They’re nobody. Drunks who presumably sold their daughter for drinking money. A “reveal” so offhandedly mentioned mid-conversation that it just falls through the cracks of the greater story. Do we really need Rey to be another Skywalker? A descendant of Ben Kenobi? Or a creation of a greater evil? The world seems to think so, and for what reason? To simply have an answer that the majority of people agree with.
Having Rey be a Skywalker (or something along those lines) and continuing the Skywalker saga would be an easy, crowd-pleasing decision. But the overall story and message is something greater than a continuation of the “Skywalker Saga.” The fact that Rian Johnson wants us to believe that anyone can achieve greatness, no matter where you come from, is the true message of hope that Star Wars is truly about. Out with the old, in with the new, whether you like it or not.
Luke, Leia, and The Force
“The Force is what gives a Jedi his power. It’s an energy field created by all living things. It surrounds us and penetrates us. It binds the galaxy together.”- Obi-Wan Kenobi
Luke Skywalker says to Rey in The Last Jedi that “The Force isn’t just about moving rocks.” It’s something much deeper than that, which is being explored and expanded on in such different and unique ways. Let’s take Leia for example. In one of the films most surprising and memorable scenes, The First Order blows a massive hole directly into the destroyer that General Leia (among others) are stationed in. Leia gets thrown into the vacuum of space and thought to be dead for a brief moment. This is when we finally see the former Princess use her Force abilities move the matter around her, pushing herself back to the door of the ship where she is eventually let in.
This may be the most controversial (and beautiful) scene in Star Wars history thus far. The thing is though, it makes complete sense. The Force being an energy field that one who is sensitive to those abilities can control is the whole point, and the fact that fans are seemingly outraged by the expansion of such a vague ability is baffling. Do you really want to see the same old telekinesis type battles that are admittedly cool, but is losing its freshness the more we see it play out on screen.
This brings me to Luke Skywalker and his triumphant return to the big screen. In what perhaps is the most anticipated aspect of The Last Jedi, the Luke we once knew has been but a shadow to what state he’s in now. Think about it, he lost his father after finding out he was actually Darth Vadar, failed at bringing balance to The Force with the turn of Ben Solo to the dark side, and has been secluded on his island for who knows how long.
His apprehension and cynicism towards The Force and The Jedi order is believable, especially for how the story Rian Johnson wanted to tell in this chapter. Remember Yoda (who has a terrific cameo in TLJ via Force Ghost) in The Empire Strikes Back? He did the same thing on Dagoba following the events of Revenge of the Sith. To have an old Mark Hamill still act like the whiney farm boy is highly unrealistic.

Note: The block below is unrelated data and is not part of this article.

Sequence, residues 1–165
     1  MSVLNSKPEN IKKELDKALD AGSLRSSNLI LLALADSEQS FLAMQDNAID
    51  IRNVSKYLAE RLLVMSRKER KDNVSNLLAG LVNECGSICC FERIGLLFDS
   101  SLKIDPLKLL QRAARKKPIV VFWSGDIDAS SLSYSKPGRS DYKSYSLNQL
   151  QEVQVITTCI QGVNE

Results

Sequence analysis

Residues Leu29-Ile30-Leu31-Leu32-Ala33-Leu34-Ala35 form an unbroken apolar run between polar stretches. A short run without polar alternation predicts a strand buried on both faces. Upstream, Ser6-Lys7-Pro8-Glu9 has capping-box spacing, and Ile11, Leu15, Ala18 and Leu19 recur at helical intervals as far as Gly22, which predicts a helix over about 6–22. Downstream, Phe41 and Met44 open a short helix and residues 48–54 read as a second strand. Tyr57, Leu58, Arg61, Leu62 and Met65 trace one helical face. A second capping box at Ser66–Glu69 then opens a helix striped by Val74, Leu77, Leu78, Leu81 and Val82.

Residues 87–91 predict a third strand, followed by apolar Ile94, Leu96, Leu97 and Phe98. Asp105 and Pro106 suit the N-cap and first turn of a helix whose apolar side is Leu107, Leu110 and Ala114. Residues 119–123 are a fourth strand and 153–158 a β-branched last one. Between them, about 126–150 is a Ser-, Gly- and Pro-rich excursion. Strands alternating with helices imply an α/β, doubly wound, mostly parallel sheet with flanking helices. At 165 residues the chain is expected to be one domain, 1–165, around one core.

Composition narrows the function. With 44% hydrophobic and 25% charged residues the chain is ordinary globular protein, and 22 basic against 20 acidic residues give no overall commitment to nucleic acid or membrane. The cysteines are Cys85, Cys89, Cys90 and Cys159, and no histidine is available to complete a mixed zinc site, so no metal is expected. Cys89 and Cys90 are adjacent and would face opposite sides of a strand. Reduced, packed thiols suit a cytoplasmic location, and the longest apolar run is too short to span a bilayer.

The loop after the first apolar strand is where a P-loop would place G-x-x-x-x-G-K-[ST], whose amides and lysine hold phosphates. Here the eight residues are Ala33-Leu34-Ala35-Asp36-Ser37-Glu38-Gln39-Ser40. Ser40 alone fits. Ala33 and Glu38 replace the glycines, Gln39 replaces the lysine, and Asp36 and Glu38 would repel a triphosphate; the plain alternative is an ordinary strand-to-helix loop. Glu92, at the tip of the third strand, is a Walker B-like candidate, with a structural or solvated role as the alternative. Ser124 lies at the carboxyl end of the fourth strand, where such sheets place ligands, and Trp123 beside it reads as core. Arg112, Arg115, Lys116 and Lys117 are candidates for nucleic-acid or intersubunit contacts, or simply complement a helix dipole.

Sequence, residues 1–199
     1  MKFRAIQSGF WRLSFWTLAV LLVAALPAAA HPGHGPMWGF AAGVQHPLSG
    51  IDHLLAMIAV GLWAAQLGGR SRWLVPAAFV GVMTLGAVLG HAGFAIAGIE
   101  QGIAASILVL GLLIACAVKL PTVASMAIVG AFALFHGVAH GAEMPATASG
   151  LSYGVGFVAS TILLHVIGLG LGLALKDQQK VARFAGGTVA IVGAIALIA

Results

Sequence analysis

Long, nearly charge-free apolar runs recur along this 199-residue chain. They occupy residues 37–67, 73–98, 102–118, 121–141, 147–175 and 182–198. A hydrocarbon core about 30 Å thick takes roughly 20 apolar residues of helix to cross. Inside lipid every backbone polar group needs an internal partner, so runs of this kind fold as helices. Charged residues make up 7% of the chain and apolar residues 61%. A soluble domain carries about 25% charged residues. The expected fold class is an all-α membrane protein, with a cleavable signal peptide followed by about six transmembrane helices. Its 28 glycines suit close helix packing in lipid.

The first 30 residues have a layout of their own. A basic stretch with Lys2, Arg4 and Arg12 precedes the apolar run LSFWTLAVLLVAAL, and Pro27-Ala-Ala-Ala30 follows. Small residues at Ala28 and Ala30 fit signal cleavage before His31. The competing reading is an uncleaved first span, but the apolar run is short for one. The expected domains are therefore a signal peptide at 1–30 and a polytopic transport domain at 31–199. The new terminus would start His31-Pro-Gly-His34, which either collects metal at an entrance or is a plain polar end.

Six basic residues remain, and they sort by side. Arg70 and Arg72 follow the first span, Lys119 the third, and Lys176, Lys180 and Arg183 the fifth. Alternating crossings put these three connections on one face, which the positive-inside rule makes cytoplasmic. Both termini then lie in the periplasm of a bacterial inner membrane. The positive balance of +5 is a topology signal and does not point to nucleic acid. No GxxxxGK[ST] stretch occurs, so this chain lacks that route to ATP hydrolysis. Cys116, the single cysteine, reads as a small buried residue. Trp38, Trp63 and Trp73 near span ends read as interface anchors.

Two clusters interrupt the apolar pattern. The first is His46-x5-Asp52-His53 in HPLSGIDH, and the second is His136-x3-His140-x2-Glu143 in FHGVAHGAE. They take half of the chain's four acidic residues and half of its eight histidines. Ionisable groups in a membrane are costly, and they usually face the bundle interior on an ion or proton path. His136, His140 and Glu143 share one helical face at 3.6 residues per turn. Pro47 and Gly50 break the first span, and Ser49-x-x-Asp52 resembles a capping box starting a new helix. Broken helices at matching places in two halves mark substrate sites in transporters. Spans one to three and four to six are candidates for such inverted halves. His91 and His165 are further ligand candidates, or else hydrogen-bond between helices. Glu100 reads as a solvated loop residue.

His big return battle at the end is sparking what looks to be a life-long debate among Star Wars fans. You see, Luke does show up to save The Resistance in the end, just not the way you think. When Luke shows up, his beard is trimmed, with hair darker as seen in his flashbacks with Kylo Ren, and obviously younger looking than his current state. He doesn’t lay one hand on Ren but distracts him and the First Order enough to have the remaining eight members of The Resistance to safety.
How did Luke do this you may ask? Well, he used something called “Force Projection.” Luke was still on the island, where he explained to Rey early on in the movie that he went to die. Luke showing up on the salt planet of Crait took the life out of him, literally. After some wonderfully executed dialogue exchanges between Luke and Ren, as well as a few Jedi like mind tricks, It’s revealed that the Luke Skywalker shown up for battle is simply a mirage. Luke is floating, meditating on his island, and lets himself go into The Force the same way his mentors before him have. Yes, Luke Skywalker dies, and yes, it’s a poetic end to the franchises main hero.
He looks upon the horizon at the double sunset, exhausted from his battle. But, Luke doesn’t go out in pain, he has peace and purpose as Rey says to Leia before the credits hit. Not only is this a proper send off to one of the biggest characters in the history of cinema, it’s also a way to make room for the new faces of the current canon. Rey, Kylo Ren, Poe, and Finn are all characters we love, and even more so since this installment. Having these expectations subverted opens endless possibilities to what comes next, and that’s a state of mind as a Star Wars fan I want to be in.
Yes, all film is subjective, and I am not trying to sway anyone’s opinions on the matter. However, I feel everyone who is complaining about The Last Jedi should do themselves a favor and see it again. This time, with the twists and turns already at a point of acceptance, and having the open mind of exploring a universe with endless possibilities and most of all, hope.